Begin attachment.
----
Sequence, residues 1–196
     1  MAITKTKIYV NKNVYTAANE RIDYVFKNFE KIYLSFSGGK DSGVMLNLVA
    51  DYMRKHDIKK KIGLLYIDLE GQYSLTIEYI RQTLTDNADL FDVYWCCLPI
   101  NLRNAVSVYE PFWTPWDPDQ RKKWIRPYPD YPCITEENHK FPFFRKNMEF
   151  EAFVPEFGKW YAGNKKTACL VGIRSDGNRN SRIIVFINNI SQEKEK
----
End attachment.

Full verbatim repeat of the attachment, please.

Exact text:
Sequence, residues 1–196
     1  MAITKTKIYV NKNVYTAANE RIDYVFKNFE KIYLSFSGGK DSGVMLNLVA
    51  DYMRKHDIKK KIGLLYIDLE GQYSLTIEYI RQTLTDNADL FDVYWCCLPI
   101  NLRNAVSVYE PFWTPWDPDQ RKKWIRPYPD YPCITEENHK FPFFRKNMEF
   151  EAFVPEFGKW YAGNKKTACL VGIRSDGNRN SRIIVFINNI SQEKEK